Remote teams are as much part of the conversation as in-house ones.
Learn more about Priority poker here.
1. Loudest or highest-paid person gut feeling dictating priorities:
The HiPPO (highest paid person’s opinion) effect - along with that of the loudest person in the room - threatens this process.
We tend to default to decisions to please our seniors, but we’re causing more harm than good. How do we say no to this overpowering voice?
Surely their experience could help, but keep in mind that personal bias always underlies opinions.
Studies even suggest a correlation between successful projects and junior managers who are more prone to welcoming employee opinions, and having their assumptions challenged.
Jeff Bezos once said: “Customer feedback flattens corporate hierarchies”. Your superior may not agree with your opinion.
But he or she will have a hard time arguing against your priorities when they come from a systematic scoring of customer feedback and market intelligence.
2. Lack of external (customer) inputs
Your team might have rounded up some great features for this release, but if they lack customer validation, how will you know they’re desirable?
Always validate your internal assumptions with customer feedback and/or other feedback sources and incorporate it into your decision process.
3. Losing the overview of dependencies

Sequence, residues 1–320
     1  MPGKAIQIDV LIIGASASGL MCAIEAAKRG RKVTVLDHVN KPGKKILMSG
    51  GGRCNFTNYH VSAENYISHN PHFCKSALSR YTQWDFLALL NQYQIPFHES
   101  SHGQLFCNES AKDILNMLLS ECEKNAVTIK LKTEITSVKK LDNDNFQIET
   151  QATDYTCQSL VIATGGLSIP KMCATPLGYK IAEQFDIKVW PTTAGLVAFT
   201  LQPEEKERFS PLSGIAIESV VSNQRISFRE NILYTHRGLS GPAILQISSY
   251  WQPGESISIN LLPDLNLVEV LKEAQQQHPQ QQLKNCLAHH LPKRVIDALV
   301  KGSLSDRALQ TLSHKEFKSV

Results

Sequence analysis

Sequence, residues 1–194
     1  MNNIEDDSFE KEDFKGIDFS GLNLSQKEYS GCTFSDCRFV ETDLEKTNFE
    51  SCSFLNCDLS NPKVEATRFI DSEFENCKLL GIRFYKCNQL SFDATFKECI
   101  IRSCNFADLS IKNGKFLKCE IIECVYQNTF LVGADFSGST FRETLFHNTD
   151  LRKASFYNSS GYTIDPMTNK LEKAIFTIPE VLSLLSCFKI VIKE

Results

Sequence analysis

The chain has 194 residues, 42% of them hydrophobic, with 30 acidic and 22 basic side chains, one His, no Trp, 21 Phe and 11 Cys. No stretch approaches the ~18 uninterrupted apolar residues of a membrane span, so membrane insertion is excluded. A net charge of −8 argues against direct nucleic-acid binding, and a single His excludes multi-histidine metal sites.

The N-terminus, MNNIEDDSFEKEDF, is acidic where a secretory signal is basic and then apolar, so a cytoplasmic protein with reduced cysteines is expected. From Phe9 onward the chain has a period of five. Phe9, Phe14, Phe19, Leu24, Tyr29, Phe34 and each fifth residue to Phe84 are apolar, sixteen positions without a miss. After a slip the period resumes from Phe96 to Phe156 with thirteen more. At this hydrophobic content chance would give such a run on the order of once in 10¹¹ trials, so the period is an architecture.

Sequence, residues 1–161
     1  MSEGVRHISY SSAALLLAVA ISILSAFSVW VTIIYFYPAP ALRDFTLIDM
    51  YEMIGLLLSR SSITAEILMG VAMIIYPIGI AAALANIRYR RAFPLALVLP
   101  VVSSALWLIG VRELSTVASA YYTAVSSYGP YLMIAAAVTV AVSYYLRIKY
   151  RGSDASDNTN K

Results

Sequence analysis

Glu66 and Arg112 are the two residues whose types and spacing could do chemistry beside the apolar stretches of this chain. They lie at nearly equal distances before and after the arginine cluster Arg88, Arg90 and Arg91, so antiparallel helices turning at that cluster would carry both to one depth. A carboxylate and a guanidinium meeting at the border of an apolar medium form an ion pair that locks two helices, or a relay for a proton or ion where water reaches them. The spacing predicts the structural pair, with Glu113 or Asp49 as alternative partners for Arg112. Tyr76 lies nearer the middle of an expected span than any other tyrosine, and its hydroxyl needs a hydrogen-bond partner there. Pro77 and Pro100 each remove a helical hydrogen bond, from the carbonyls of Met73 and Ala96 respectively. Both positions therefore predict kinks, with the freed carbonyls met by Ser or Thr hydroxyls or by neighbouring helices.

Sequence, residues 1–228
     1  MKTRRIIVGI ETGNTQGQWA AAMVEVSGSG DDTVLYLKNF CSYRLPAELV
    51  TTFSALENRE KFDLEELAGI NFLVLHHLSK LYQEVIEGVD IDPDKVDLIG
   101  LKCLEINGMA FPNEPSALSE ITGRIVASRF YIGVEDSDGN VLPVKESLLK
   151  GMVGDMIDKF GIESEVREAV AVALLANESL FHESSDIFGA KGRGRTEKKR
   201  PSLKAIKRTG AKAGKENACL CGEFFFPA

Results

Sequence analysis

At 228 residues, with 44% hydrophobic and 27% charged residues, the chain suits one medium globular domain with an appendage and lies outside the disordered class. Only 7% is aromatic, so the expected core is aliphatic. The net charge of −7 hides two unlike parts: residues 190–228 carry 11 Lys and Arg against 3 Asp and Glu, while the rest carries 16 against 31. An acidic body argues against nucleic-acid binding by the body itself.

Prioritizing an item to complete it early only works when all preceding cross-team deliverables have been delivered on time.
You might be working on the next big item, but if other departments fail to deliver their preliminary work on time, your ambitious launch date will be delayed. As your product grows, so will your dependencies, and keeping track is a crucial part of it.
Modern product management tools can help you out and make it easy to keep track of your dependencies in a visual way. Visualize all your dependencies and make them a critical player in your prioritization process.
4. Striving to be a me-too product.
You can source valuable intelligence from your competitors, but your product should seek to have a unique selling proposition and prove its value.
This is only achieved based on solid research and getting to know your clients and coming up with innovative ideas. Always strive to set the pace.
5. Don’t build based on the highest bidder.
You might be tempted to prioritize features based on a high paying client. But keep in mind that these should fit your overall business and user goals.
You can download the complete guide with an in-depth explanation of how to use them as well as their major benefits, drawbacks and major prioritization mistakes to look out for.
The results of your prioritization process, which is a decision of what to build and when are best visualized as a roadmap.
Your roadmap is the single source of truth to map out and visualize both the short and long-term direction of your product, as well as all the steps needed to deliver against your goals.